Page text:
When investing, the first way to control the negative impact of risk-taking to some extent is by doing your homework. There’s a difference between taking educated risks and speculating. Speculating is equivalent to racetrack betting if you put all your money on one horse with the name you like or the color of silks you prefer.

As a BetterInvesting member, you’re familiar with this concept of educating yourself. A company might have a wonderful product, but you need to check out its competition, the amount of debt the company has, its record of earnings and the relationship of earnings to the stock’s current price before deciding to invest in it.

We believe you can also reduce the risk you take with investments by diversifying2 your portfolio among different kinds of investments (international/U.S. stocks, bonds, cash) and within asset categories (small-cap, large-cap and so on). If you diversify, one investment might not work out as well as expected, but others may do well so that overall your total portfolio is worth more than the amount you invested.
   
For example, let’s compare two investors. Mary invests $100,000 that earns 8 percent annually. At the end of 20 years, her portfolio is worth $466,096. On the other hand, Jane invests her $100,000 among five different investments — $20,000 each. After 20 years she assesses her situation. The first investment is a total loss, while she gets her money back with the second. With the third investment, she received an average annual return of 5 percent; the fourth, 10 percent; and the fifth, 15 percent. At the end of 20 years, she would have $534,947 — almost $100,000 more than Mary does (see table, below).


   
Another way you can control your risk is to work with an experienced financial adviser. Although this isn’t necessarily a panacea, the adviser can show you different investment alternatives and explain both the risk and return potential of each choice. That way you can construct a portfolio that matches your risk tolerance.
   
We explain to clients that there’s no right or wrong attitude toward risk. What’s important is that you’re honest with both yourself and your adviser about your risk tolerance and construct your investment portfolio accordingly.
   
Rank your own risk temperament on a scale of 1 (risk-averse) to 10 (willing to take a high degree of risk) and then make sure you communicate this information to your adviser. If you’re married, are you more or less of a risk-taker than your spouse? We’ve often seen instances in which one spouse is willing to take a lot of risk and the other is willing to take few risks. This can lead to family conflict. You need to discuss this issue with each other, and some compromises may have to be made. For instance, the spouse who’s more willing to take risk might invest part of her portfolio in more aggressive investments than her partner.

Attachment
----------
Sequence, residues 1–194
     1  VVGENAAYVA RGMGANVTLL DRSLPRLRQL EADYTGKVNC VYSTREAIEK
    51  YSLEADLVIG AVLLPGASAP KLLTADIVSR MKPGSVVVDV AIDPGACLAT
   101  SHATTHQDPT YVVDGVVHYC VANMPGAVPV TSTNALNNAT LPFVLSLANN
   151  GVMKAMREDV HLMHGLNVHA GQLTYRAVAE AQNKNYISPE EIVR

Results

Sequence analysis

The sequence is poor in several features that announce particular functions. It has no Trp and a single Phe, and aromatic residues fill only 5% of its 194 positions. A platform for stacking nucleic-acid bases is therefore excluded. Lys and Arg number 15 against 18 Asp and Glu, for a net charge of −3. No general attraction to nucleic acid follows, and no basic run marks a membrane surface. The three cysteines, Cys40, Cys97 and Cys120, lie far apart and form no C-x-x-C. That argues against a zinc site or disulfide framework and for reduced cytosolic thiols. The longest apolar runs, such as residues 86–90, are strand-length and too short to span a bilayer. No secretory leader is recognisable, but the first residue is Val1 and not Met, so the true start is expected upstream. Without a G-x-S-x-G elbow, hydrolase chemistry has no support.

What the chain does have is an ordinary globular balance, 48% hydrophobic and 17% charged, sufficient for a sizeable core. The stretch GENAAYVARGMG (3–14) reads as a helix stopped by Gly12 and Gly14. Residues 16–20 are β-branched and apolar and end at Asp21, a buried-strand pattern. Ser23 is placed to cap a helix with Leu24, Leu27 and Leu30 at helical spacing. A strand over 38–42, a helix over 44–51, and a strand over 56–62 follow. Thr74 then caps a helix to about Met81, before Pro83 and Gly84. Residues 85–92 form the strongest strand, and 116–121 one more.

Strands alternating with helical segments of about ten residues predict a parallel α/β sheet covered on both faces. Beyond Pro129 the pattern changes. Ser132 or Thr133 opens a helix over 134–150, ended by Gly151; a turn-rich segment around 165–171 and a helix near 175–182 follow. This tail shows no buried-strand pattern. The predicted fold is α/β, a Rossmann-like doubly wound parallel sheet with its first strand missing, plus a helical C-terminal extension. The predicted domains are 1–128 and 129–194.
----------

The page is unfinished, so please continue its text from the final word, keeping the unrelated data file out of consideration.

After experiencing the 2008 stock market, many investors are shellshocked and may vow to avoid investing altogether, thus trying to avoid taking any risk. We don’t think this is a wise decision. Although this past year’s experience has been very difficult for everyone, it may have some good long-term results.  Perhaps people will realize that you can’t make fortunes overnight, that you should avoid being heavily in debt, that you shouldn’t spend all your income, that it’s important to accumulate a cash reserve for a rainy day and that you really need to investigate before you invest. In other words, they may start believing all those maxims that financial planners have been preaching for years!
   
Although taking some risk is essential to making money, it has been our experience that you don’t have to be a speculator to build wealth successfully. We advocate controlling the amount of risk you take through self-education, portfolio diversification and consultation with a good adviser.
   
Having been in the investment business for over 40 years, we really believe that ultimately the pendulum will turn and selecting and holding good-quality investments will reward patient investors. We encourage you to take a deep breath, take educated risks and make sound decisions that aren’t based on emotions.
   
Keep in mind the tortoise and hare race. We believe the slow, steady, consistent approach works every time.
 
1 The S&P 500 index is an unmanaged index comprising widely held securities considered to be representative of the stock market in general. Performances of the indexes are not indicative of any particular investment. Individuals cannot invest directly in any index. Past performance is no guarantee of future results.

2 Diversification doesn’t guarantee against loss. It’s a method used to manage risk.


Alexandra Armstrong is co-author of the fourth edition of On Your Own: A Widow’s Passage to Emotional and Financial Well-Being. She is a Certified Financial Planner practitioner and chairman of Armstrong, Fleming & Moore, Inc., a registered investment advisory firm in Washington, D.C. Securities are offered through Commonwealth Financial Network, member FINRA/SIPC. Investment advisory services are offered through Armstrong, Fleming & Moore, Inc., an SEC-registered investment adviser not affiliated with Commonwealth Financial Network.
   
Karen Preysnar, Certified Financial Planner practitioner, co-author of this article, is vice president in charge of financial planning at Armstrong, Fleming & Moore, Inc., and a registered representative with Commonwealth Financial Network.
   
Individuals should contact a financial planner, tax adviser or attorney when considering these issues. Commonwealth Financial Network does not give tax or legal advice. Consult your personal adviser before making any decisions. The authors cannot answer individual inquiries, but they welcome suggestions for article topics.